Polyhedra used to illustrate bell ringing methods
by Fortran Friends
Although this is a site for learners, we have included some very technical stuff for those of you who are brilliant mathematicians and are fascinated by numbers. If you are not one of those people, don't be surprised and discouraged if you can't understand this. You can be a really good ringer and never even encounter Polyhedra!
Bells were originally just rung in order from the smallest (highest note, usually called the treble) to the biggest (lowest note, usually called the tenor), this is called rounds and is written out on a line, like this: 1 2 3 4 5 6
We can leave out bell 6, because it is always in the same place and if we write out only lead ends we can also leave out bell 1 which is always first; look at the orange bars across the left diagram to see this.
A Plain course of Bob Doubles can be written as:
2 3 4 5
3 5 2 4
5 4 3 2
4 2 5 3
2 3 4 5
To show we were carrying on we could write more similar rows underneath but since these are always the same as those above, the numbers can be thought of as the corners of a square, shown at the right of the diagram below. The arrows show which way to move and the 'P' indicates a Plain lead.
If a 'Bob' is called we move along a line without an arrow on it, from a corner of the square to another square of Plain leads.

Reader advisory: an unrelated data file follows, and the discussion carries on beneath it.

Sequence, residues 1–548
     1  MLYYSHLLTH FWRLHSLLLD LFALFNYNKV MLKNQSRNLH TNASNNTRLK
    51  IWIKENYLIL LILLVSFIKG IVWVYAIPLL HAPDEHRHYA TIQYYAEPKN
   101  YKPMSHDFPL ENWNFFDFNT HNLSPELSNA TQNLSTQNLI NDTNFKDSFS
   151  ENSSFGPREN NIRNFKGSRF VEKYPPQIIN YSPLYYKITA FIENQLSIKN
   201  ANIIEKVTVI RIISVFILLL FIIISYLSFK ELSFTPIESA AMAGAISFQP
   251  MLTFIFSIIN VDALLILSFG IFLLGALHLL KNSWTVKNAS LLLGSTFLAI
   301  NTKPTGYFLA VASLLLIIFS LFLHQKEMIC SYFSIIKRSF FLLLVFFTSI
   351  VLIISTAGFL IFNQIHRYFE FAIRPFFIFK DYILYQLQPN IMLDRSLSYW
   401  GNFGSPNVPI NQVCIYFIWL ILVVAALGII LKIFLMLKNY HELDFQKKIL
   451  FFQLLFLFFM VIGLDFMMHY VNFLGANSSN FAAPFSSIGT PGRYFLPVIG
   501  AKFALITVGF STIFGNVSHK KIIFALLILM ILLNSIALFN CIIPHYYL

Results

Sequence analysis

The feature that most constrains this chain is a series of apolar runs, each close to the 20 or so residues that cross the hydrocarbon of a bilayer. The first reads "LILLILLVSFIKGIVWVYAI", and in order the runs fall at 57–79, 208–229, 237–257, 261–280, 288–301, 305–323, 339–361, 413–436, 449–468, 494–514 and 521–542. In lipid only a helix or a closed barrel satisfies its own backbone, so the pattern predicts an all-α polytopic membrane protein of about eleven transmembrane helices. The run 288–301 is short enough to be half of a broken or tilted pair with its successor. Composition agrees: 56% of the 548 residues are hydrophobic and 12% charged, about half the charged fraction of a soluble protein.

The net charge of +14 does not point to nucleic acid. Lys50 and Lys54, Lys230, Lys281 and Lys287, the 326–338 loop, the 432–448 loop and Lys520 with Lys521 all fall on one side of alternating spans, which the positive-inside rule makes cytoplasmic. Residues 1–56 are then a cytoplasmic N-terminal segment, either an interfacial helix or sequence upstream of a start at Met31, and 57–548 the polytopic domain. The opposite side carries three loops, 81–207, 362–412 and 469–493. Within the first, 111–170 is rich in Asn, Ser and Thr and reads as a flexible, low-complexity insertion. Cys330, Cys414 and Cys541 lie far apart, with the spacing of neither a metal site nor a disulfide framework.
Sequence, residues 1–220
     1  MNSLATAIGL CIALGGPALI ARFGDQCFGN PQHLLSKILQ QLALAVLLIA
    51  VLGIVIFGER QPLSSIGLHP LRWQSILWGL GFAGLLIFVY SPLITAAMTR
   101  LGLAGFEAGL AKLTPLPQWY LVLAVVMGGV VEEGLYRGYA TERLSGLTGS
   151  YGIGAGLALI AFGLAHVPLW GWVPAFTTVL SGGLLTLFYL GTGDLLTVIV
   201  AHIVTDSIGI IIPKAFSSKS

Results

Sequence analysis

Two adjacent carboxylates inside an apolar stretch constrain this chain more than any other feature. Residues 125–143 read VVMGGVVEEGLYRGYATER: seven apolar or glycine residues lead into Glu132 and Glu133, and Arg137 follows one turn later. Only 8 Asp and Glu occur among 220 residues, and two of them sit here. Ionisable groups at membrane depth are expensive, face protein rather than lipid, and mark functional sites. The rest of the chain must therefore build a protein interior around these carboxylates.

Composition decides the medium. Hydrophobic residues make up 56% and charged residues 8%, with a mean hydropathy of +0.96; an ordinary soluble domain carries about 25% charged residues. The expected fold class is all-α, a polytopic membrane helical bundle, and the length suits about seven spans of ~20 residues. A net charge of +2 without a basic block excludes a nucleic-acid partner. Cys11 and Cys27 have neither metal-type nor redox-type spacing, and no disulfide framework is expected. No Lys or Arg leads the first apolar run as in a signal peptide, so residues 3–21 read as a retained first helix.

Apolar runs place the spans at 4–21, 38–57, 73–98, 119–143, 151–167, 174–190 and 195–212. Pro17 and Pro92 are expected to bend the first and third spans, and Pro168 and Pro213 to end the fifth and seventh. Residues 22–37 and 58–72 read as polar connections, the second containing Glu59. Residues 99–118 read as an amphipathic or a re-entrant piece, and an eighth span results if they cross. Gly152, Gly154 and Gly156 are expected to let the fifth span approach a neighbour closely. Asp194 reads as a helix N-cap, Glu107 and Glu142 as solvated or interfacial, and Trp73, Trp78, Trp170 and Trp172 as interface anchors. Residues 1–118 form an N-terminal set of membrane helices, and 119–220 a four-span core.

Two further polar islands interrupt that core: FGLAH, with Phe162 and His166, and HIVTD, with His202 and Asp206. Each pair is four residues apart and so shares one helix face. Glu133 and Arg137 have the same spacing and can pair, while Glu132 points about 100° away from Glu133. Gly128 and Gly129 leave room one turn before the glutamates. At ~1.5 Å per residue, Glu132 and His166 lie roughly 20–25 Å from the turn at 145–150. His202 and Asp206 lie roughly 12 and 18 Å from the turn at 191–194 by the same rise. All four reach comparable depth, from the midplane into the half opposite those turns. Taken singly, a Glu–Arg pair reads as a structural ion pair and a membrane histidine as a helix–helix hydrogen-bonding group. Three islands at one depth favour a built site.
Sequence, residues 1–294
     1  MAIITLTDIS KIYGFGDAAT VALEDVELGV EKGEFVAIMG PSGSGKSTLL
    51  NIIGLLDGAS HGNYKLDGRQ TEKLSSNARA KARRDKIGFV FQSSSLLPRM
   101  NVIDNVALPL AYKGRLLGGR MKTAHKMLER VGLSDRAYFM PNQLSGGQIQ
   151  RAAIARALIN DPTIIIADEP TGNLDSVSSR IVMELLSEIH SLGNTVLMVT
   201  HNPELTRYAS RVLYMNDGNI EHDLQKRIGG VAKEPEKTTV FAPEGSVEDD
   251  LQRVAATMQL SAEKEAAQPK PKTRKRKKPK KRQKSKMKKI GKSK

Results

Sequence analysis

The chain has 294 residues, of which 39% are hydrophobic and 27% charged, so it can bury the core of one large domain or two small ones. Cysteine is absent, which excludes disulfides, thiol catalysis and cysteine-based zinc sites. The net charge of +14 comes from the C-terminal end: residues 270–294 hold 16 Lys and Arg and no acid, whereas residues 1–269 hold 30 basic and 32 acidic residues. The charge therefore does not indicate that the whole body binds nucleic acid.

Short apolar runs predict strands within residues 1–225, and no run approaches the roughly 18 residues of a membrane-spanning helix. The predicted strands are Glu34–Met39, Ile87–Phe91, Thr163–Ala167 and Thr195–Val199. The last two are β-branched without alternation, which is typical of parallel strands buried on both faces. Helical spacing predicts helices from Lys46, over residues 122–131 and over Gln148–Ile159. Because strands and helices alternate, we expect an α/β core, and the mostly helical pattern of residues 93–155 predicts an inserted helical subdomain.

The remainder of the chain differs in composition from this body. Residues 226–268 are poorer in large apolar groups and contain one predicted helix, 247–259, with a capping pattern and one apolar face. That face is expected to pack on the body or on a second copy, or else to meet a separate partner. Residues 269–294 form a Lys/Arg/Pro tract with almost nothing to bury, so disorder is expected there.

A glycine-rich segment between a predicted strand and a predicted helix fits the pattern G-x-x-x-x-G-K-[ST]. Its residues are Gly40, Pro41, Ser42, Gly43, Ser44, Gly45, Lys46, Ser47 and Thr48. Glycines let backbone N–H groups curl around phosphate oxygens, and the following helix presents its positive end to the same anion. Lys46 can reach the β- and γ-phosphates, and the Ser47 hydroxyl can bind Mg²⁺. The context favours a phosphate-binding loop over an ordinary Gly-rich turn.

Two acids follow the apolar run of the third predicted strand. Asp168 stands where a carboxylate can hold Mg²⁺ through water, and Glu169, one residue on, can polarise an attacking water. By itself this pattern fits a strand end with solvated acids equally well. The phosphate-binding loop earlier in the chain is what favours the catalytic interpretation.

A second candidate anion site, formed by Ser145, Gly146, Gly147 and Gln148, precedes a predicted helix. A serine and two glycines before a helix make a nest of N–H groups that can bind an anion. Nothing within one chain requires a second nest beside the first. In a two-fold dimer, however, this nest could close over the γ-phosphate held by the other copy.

In the example of Bob Doubles the Plain course has four lead-ends giving the vertices of a square, with the direction of movement shown by the arrows; only two Bob lead-ends are needed to get back to the beginning so the polygon of these just form a line along which you can move in either direction, so these lines have no arrows. Because there are 24 lead-ends in all there must be 6 such squares joined by Bob lines. The Bob lines join up with Plain lead squares to form hexagons like this:
This figure shows part of what is possible with Bob Doubles - only three of the six squares of Plain leads are shown. There are eight hexagons altogether made from alternating Plain and Bob lead-ends.
Folding up the complete plan of squares and hexagons makes a 3D solid (called a Truncated Octahedron by mathematicians), where the 24 possible lead-ends are arranged at the vertices of a polyhedron and the edges of the polyhedron show how to get from one lead-end to the next. If you visit all the vertices in turn obeying the directions given by the arrows you will have completed all the possible combinations on 5 bells ringing Bob Doubles.
A Truncated Octahedron
This is the plain model without the bell sequences or arrows printed on it.
Similarly the Grandsire Doubles method can be represented by a Truncated Tetrahedron.
You can download templates with instructions to make both these models either as zipped Draw files (10K) or as a PDF file (10K). These polyhedra have the bell numbers for that lead printed on them, and arrows drawn along the edges which are plain leads.
You can find out more about polyhedra by looking at some of our other pages.
Web address: http://fortran.orpheusweb.co.uk/Bells/